Greed and Regulations
Greed is an enormous problem and even good regulation feeds greed. Consider prescription eyeglasses, the exam is reasonable but it ends there. There is no reason other than greed for eyeglasses to cost more than a digital or SLR camera. How many people suffer with poor vision because they delay those periodic exams due to their expense and the cost of eyeglasses. If one is far sighted then reading glasses will suffice, but there is no dollar store equivalent for negative or cylindrical lenses. I buy my eyeglasses off the internet and have done well and saved hundreds so far. I am on the lookout for a bargain field eye exam kit like we had in the army. If I had one I could test my own eyes as it is little but lens substitution. Some say it’s important to see the professional, but what about those with 20/20 vision they don’t see a professional every two years?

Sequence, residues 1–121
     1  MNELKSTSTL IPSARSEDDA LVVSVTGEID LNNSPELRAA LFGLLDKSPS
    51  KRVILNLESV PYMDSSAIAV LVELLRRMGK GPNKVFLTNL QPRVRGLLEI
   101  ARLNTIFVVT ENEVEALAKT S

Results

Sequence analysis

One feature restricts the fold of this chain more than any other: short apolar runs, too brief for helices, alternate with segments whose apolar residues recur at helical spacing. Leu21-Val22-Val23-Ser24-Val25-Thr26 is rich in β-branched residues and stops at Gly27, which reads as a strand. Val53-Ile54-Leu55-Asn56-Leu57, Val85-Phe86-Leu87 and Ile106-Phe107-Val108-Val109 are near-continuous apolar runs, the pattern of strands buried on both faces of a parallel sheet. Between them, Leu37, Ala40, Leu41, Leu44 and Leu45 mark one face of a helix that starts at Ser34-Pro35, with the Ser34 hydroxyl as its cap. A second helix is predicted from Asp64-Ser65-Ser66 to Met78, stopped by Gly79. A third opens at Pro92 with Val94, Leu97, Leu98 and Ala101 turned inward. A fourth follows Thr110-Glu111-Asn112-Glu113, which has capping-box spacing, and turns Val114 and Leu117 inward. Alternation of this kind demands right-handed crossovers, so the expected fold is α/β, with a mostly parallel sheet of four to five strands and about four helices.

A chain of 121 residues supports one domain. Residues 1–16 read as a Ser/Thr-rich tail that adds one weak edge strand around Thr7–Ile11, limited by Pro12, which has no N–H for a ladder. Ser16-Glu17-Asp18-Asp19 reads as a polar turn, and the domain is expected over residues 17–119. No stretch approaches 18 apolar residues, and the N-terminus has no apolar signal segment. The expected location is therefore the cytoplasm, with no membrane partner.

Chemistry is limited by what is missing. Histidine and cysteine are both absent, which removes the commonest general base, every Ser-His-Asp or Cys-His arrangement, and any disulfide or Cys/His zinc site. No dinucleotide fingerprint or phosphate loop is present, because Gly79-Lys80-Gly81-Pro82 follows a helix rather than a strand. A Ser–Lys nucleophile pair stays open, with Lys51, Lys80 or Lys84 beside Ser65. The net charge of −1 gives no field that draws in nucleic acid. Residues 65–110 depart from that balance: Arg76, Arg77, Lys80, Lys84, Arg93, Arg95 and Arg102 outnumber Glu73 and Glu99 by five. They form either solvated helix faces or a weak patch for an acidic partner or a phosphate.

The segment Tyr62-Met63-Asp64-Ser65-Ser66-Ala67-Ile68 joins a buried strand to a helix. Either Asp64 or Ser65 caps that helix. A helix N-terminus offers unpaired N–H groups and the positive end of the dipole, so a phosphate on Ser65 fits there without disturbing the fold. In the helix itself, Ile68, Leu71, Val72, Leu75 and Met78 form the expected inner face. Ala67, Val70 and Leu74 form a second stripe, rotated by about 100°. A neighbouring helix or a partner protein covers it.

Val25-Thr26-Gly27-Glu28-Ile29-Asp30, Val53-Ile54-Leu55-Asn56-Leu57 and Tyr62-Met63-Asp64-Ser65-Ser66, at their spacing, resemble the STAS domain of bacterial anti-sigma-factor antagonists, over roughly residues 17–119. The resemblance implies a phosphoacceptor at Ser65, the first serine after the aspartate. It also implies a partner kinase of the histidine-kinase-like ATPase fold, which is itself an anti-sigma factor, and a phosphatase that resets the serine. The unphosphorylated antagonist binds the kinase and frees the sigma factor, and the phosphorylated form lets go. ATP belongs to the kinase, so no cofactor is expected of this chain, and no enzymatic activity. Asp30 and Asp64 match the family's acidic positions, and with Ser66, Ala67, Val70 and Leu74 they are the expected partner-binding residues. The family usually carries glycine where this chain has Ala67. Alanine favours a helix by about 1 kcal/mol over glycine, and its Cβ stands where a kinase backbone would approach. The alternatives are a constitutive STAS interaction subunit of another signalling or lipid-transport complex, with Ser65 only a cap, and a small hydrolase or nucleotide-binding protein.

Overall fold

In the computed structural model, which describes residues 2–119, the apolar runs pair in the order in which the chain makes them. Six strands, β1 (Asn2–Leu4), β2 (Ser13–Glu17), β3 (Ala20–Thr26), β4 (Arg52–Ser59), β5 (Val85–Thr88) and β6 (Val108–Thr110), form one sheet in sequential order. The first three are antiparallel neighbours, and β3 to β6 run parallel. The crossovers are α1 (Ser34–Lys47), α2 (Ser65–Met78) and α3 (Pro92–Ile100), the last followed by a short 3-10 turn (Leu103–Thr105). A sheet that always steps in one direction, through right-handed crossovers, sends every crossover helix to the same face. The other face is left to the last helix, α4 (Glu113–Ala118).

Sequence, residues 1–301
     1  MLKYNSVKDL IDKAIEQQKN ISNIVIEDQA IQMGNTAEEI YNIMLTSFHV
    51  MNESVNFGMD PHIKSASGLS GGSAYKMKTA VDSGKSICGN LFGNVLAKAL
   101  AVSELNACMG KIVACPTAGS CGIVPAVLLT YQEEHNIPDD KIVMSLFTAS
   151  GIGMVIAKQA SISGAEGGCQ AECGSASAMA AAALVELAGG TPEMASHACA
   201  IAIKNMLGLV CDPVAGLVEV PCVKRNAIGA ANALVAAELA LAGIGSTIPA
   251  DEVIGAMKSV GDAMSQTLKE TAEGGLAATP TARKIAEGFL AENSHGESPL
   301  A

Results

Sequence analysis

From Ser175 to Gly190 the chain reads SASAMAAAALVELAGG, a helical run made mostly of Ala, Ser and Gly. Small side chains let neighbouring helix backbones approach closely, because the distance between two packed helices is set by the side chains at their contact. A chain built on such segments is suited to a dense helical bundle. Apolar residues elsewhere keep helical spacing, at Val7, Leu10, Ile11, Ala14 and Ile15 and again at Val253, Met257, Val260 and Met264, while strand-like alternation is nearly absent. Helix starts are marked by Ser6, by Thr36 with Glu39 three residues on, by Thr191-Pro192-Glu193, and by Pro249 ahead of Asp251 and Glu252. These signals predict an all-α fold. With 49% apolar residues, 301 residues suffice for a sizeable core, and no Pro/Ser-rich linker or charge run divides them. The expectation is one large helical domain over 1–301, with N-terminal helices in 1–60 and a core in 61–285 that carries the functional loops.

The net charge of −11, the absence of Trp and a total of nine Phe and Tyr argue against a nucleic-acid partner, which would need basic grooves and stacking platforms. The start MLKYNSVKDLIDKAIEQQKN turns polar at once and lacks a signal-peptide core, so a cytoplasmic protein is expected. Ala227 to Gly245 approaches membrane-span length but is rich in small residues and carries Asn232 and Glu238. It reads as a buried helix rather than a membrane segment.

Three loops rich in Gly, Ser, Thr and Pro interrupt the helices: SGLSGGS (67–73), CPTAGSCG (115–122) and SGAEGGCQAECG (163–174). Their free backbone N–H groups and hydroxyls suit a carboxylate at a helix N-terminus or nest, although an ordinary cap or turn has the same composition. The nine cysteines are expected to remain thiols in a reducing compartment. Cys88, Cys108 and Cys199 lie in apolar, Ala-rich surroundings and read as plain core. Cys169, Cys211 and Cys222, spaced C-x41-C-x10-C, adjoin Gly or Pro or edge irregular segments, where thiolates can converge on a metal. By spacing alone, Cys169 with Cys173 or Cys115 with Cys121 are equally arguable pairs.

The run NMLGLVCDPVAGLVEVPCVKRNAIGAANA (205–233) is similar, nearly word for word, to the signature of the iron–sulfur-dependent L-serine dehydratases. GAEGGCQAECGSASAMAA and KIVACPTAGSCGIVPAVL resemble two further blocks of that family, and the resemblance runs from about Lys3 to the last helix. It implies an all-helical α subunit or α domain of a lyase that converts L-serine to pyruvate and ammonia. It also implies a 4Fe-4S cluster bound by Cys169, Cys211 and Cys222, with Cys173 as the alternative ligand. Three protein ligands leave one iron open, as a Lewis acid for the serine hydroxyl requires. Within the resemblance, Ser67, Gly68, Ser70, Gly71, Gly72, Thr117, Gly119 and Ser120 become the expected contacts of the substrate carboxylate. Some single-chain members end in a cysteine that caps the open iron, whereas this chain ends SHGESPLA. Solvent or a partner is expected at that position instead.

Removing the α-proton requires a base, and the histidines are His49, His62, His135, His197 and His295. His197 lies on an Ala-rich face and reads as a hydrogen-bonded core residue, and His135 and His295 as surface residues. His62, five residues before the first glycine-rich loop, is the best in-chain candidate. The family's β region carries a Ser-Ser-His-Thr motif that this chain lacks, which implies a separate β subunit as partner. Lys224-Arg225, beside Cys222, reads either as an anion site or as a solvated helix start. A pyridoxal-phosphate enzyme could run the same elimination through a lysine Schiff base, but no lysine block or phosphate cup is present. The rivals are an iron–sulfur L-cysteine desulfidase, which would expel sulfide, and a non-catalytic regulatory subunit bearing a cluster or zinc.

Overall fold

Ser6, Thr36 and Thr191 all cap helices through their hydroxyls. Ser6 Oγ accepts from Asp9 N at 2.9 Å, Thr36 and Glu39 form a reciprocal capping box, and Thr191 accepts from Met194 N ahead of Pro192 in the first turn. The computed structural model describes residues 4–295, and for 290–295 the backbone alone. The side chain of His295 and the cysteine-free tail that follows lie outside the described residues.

There’s a kit for converting a plastic lawn chair into a wheel chair and even a reinforced chair. It is sent on the mission field for local assembly to avoid regulations. It can’t be used in this country because of the regs.
A ministry I mentioned in another forum is about to lose its house as it cannot economically be retrofitted for wheel chair access, this even though in its history it has never had a client in a wheel chair. Hundreds will suffer because of that phantom wheel chair client.
The government, the media and the pharmaceutical industry spend money to attack supplements but later find ways to patent the concept so as to require a prescription. The latest is niacin for cholesterol. Another is a current NIH study of chelation therapy which the government hasn’t liked even though it is administered by professionals. If supplements are found to actually cure something then they become regulated until the pharmaceutical industry decides it can make more money by going over the counter. I manage my blood pressure with a supplement that costs me about $28 per month and has no side effects.